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Old 12-25-2016, 07:27 AM
 
23,262 posts, read 16,076,440 times
Reputation: 8543
At the same time I'm not suggesting people view poor people or non whites as perpetual victims, or cry for them all the time. But there frankly are major issues in these communities, to the point where living in them just isn't pleasant to say the LEAST.

And while people certainly do have the responsibilities of making their communities better and doing what they have to do succeed, it's ridiculous not to point out political and institutional causes for this. The government deliberately rounded up minorities and put them in projects on welfare, and it's government funding that basically supports drug dealers and those who do not have legitimate jobs. And though I do support marijuana legalization, those guys who sell weed on the corner for $$$$$ are people living in some welfare apartment and when they have turf battles over this stuff, it can get pretty ugly (legalization gets the street element of drugs as people can just buy it from a licensed dealer who is taxed).

Of course I'm aware some parts of Staten Island got hit hard by heroin, but you don't have the large numbers of white people who have been in and out of jail for drug dealing like you do African Americans, Puerto Ricans, and Dominicans, and this inequity and disastrous state of things will certainly drive a wedge between any substantial improvement in race relations for a long time.

With a felony conviction, you can be denied employment, housing (this contributes to increased numbers of homeless) and depending on the conviction you may be ineligible for financial aid for college.
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Old 12-25-2016, 08:17 AM
 
Location: Behind You!
1,949 posts, read 3,327,212 times
Reputation: 2663
Quote:
Originally Posted by MaryJayne NYC View Post
I am very curious (fellow black people), how to deal with the below issue? I have noticed on a few occasions, when I'm walking on the street or standing in the back of white males, a number of them will always put their hands in their back pant pocket, to "safe guard" their wallet. I'm not sure why it unnerves me, but it does. I have never been one to care about what other people think, but it is particularly upsetting because of the assumptions made, based on my skin color alone.

Again, I know that I shouldn't care, but I do believe in sticking up for myself. I am curious if this has happened to you. If so, how did you deal with it? If I'm on the train and I observe them engaging in that behavior, I'll move to another area.

What I often find interesting is, many of them are living with 4 other people in an apartment just to afford rent, while I'm the one who is actually from a wealthy family and has my own business, yet due to my skin color alone, I'm immediately judged as a low life thief.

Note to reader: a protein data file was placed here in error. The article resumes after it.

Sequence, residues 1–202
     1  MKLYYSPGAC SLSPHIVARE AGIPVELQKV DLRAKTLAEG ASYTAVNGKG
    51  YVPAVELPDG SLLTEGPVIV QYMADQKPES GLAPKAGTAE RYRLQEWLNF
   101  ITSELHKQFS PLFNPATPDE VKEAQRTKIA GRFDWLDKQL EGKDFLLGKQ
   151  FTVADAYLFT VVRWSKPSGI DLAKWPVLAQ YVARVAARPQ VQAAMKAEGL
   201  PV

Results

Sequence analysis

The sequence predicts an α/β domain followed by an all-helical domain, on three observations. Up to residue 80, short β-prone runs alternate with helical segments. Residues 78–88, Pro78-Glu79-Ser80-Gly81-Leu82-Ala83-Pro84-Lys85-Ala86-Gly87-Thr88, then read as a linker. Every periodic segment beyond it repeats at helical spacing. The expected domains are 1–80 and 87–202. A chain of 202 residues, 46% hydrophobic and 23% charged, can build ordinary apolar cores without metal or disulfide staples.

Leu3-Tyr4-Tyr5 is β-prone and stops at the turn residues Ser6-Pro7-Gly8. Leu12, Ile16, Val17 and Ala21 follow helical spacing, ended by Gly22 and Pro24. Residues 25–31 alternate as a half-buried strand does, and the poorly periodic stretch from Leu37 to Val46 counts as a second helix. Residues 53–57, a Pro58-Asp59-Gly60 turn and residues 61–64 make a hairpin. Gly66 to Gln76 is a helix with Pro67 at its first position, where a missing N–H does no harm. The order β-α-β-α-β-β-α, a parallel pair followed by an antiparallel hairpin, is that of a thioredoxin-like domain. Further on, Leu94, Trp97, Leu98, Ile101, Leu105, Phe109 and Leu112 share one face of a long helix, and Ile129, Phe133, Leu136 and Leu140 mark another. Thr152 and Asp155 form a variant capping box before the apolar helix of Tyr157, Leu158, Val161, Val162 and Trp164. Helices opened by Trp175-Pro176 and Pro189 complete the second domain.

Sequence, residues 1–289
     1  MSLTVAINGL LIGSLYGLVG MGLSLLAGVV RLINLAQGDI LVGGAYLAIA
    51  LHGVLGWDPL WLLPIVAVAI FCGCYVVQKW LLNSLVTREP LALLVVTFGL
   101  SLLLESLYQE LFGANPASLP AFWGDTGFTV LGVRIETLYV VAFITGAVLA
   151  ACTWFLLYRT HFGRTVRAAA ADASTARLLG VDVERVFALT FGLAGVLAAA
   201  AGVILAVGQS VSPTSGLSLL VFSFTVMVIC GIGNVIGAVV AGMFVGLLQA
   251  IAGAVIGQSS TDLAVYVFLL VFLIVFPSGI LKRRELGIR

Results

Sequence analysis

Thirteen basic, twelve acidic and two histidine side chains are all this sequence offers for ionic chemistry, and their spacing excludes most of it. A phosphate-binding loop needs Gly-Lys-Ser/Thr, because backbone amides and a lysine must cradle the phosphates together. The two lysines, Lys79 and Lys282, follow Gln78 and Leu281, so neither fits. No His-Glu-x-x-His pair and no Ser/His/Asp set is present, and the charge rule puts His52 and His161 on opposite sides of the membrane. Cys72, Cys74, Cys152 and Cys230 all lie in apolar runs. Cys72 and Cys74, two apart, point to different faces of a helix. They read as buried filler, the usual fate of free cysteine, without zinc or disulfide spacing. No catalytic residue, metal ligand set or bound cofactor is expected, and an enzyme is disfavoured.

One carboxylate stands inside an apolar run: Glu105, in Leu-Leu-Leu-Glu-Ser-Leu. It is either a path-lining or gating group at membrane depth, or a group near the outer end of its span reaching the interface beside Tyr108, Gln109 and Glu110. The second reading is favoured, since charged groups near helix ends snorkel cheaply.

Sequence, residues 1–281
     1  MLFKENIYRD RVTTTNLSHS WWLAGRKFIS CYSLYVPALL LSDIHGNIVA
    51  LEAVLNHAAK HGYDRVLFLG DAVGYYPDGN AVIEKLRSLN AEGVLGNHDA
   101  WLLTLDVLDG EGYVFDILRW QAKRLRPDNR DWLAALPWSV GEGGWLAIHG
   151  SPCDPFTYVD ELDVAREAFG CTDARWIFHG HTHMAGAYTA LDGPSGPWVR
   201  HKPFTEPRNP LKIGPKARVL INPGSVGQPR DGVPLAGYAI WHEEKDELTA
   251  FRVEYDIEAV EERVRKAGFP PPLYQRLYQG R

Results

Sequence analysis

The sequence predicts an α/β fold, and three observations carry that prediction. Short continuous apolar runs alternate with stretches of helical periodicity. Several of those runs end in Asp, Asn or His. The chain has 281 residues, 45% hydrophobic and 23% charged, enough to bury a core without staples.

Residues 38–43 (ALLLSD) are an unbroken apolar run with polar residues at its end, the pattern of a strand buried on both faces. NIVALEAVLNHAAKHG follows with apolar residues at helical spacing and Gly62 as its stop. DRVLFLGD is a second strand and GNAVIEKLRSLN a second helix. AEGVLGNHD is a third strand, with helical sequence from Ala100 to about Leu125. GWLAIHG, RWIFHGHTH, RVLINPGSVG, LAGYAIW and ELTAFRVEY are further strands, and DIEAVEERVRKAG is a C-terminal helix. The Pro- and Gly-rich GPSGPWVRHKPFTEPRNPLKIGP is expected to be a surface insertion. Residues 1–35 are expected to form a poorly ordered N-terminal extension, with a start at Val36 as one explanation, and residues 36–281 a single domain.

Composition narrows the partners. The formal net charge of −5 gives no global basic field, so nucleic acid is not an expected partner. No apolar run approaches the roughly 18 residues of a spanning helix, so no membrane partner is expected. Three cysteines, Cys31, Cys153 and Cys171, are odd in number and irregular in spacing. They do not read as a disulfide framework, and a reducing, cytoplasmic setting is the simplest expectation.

I know that I'm not the only one who experiences this sort of treatment. Do you just ignore it or do you confront the ignorance? I have thought about making a statement, but it's not even worth it, because I refuse to prove myself to those whom I know are trash, based on their actions.

It's funny how your curious about what you perceive as racist tendencies, yet start out your post by segregating your own thread to black people. "(fellow black people)". Hillarious!

For the record, I don't carry my wallet in my back pocket but if I did I would be on guard if ANYBODY was very close to my back. White, black, male, female it doesn't matter because thieves don't stick to a gender or race!

I'm also a business owner and during the week when I'm in my work truck which is not the most visually appealing thing on the road, probably haven't shaven in a couple day because I'm lazy like that in in dirty jeans I probably look like the type of guy to be in a police lineup to many judgy types. But unlike you I actually don't care what they think because on my time I'm cleaned up, dressed clean and my work truck gets parked and my GMC Sierra Denali comes out which is worth more than the C-Class Mercedes that the douchebags that judge me drive!

If you want to see racism, you will! Whether it's there or not! It's 2016 and MOST people aren't racist. If your on the train scanning people to see if their looking at you funny and they catch you the first place their mind goes is why is this lady visually patting me down, then they go into protection mode.

For the record, I'm white. Went to city schools and was always in a very small minority of white people. If you think that White people don't deal with racism and don't know what it's like to get pre judged by the color of there skin THINK AGAIN!
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Old 12-25-2016, 07:10 PM
 
Location: 2 blocks from bay in L.I, NY
1,595 posts, read 1,278,627 times
Reputation: 2488
Default More significant

Quote:
Originally Posted by MaryJayne NYC View Post